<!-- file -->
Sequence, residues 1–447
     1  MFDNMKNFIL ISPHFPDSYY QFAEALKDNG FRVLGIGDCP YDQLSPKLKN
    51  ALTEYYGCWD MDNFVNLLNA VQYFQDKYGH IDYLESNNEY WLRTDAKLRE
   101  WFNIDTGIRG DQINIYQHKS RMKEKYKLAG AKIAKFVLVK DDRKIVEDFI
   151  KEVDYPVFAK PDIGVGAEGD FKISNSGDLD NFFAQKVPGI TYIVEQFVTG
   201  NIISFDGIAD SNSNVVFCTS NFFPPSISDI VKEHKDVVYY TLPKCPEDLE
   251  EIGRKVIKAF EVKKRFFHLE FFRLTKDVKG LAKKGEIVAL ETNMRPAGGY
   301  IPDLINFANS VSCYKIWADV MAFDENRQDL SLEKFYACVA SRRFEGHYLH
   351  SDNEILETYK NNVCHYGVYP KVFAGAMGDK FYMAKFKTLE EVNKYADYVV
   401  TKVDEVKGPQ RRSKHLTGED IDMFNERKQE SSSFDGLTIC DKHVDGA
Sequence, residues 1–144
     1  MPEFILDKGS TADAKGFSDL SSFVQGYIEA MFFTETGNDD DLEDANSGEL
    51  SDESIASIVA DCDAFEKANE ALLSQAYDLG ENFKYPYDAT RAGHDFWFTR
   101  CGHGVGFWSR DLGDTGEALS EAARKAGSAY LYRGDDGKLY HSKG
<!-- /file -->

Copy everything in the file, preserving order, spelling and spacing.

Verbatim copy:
Sequence, residues 1–447
     1  MFDNMKNFIL ISPHFPDSYY QFAEALKDNG FRVLGIGDCP YDQLSPKLKN
    51  ALTEYYGCWD MDNFVNLLNA VQYFQDKYGH IDYLESNNEY WLRTDAKLRE
   101  WFNIDTGIRG DQINIYQHKS RMKEKYKLAG AKIAKFVLVK DDRKIVEDFI
   151  KEVDYPVFAK PDIGVGAEGD FKISNSGDLD NFFAQKVPGI TYIVEQFVTG
   201  NIISFDGIAD SNSNVVFCTS NFFPPSISDI VKEHKDVVYY TLPKCPEDLE
   251  EIGRKVIKAF EVKKRFFHLE FFRLTKDVKG LAKKGEIVAL ETNMRPAGGY
   301  IPDLINFANS VSCYKIWADV MAFDENRQDL SLEKFYACVA SRRFEGHYLH
   351  SDNEILETYK NNVCHYGVYP KVFAGAMGDK FYMAKFKTLE EVNKYADYVV
   401  TKVDEVKGPQ RRSKHLTGED IDMFNERKQE SSSFDGLTIC DKHVDGA
Sequence, residues 1–144
     1  MPEFILDKGS TADAKGFSDL SSFVQGYIEA MFFTETGNDD DLEDANSGEL
    51  SDESIASIVA DCDAFEKANE ALLSQAYDLG ENFKYPYDAT RAGHDFWFTR
   101  CGHGVGFWSR DLGDTGEALS EAARKAGSAY LYRGDDGKLY HSKG